In the meantime, ponder this:
For a day, maybe, it felt like a communal challenge, a dare to New Yorkers to demonstrate their pluck and ingenuity. But by yesterday, the reality of a transit strike had wiped away any sense that this was an adventure. It was an annoyance, a hardship, a source of suffering...
The economic burden was felt citywide, but there were other costs, too - hundreds of thousands of children missing school, commuters spending extra hours shuttling to work and back, and pervasive fear of how long this will go on.
"This should be our biggest week, but I had to shut down my business," said Olga Diaz, owner of Olga's Salon in the financial district in Lower Manhattan. "If it wasn't for the strike, I would be back to back, maybe 30 clients a day through here, but yesterday I had only one, and today only two. I could lose $3,000 worth of business this week."
The hairdressers in that shop, like Maria Lozano, earn only on commission. So no work, no pay. Ms. Lozano, who lives in Queens, was unable to get to work on Tuesday. So on Tuesday night, she left her children with her mother and went to her boyfriend's home on Staten Island. She commuted to work by ferry yesterday, but there was little to do.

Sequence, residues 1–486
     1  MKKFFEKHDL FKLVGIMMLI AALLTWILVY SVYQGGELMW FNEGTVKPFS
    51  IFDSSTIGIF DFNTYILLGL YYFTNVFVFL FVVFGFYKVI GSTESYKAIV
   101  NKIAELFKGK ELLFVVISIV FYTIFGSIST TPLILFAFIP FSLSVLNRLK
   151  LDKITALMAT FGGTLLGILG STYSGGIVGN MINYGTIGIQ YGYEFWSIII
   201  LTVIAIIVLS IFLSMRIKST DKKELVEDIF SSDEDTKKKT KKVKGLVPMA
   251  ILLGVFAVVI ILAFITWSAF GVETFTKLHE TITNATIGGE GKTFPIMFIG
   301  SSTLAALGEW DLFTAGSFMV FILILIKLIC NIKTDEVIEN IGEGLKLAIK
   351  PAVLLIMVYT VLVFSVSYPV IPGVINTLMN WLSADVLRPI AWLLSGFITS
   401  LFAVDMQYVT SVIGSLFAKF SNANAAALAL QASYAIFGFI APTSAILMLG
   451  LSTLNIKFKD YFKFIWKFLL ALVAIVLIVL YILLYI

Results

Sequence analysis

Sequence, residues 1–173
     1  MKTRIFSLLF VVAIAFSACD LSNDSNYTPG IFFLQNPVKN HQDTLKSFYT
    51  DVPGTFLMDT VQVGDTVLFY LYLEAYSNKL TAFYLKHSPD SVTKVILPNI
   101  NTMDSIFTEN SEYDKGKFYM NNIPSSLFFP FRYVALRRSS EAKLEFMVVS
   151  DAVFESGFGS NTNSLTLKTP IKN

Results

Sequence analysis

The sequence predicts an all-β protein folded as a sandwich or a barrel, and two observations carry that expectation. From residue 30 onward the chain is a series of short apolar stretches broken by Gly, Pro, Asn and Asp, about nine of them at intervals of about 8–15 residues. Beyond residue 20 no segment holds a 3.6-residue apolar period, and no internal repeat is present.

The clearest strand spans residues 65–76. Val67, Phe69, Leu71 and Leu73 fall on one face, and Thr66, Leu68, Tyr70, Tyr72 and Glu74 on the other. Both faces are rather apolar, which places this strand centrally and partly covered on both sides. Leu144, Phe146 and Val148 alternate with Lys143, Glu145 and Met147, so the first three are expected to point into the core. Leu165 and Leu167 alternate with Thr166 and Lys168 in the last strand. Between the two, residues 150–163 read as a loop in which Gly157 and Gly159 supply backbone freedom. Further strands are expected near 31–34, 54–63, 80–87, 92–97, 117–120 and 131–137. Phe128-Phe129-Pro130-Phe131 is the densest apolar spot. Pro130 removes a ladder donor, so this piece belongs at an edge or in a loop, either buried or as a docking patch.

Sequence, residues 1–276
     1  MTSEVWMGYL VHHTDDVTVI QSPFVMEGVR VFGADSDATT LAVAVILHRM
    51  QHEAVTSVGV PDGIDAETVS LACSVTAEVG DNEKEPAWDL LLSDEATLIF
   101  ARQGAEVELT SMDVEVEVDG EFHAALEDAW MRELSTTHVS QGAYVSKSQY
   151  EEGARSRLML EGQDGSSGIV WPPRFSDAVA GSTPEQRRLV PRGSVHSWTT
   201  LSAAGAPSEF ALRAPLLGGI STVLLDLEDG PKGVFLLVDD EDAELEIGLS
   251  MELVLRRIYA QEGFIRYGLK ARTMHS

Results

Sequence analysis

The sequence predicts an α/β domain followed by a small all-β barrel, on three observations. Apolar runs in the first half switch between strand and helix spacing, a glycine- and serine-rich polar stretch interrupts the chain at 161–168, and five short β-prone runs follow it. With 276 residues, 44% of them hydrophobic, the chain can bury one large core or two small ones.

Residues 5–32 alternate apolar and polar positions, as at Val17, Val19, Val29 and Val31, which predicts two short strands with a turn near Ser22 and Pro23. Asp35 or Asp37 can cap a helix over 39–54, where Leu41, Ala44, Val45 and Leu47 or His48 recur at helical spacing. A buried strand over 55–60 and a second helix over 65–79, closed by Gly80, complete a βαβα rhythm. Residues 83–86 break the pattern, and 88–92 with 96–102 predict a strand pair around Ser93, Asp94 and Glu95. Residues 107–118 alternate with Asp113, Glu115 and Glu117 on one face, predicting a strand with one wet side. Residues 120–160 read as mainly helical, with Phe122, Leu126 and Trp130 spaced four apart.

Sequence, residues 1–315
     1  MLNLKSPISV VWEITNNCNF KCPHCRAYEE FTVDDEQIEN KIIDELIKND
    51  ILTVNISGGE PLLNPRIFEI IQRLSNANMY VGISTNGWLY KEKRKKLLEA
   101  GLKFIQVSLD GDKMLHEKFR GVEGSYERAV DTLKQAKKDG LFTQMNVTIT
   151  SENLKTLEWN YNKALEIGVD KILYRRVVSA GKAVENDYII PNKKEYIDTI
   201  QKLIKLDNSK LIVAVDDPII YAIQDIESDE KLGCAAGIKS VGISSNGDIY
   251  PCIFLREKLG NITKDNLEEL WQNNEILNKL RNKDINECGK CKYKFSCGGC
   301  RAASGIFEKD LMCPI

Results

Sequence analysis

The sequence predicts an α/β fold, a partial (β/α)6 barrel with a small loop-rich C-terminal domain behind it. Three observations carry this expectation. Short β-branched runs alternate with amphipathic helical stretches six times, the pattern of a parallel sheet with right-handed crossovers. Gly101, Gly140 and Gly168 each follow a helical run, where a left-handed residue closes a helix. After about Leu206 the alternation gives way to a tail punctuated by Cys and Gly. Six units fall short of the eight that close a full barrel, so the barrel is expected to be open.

"I still have to buy a lot of presents, and I'm stuck," she said. "I don't have any money."
Well, I would say that maybe just maybe Ms. Lozano might just be learning the First Noble Truth of Christmas: it doesn't go as planned, cannot be planned, and is so permeated by crass materialism and base instincts that to expect it to be anything other than disastrous is to court a severe letdown, whereas anything beyond a disaster has got to be enjoyable at least.
And so it is with my upcoming trip.
But first to Ms. Lozano I say, "Tear up that Christmas list." Free yourself.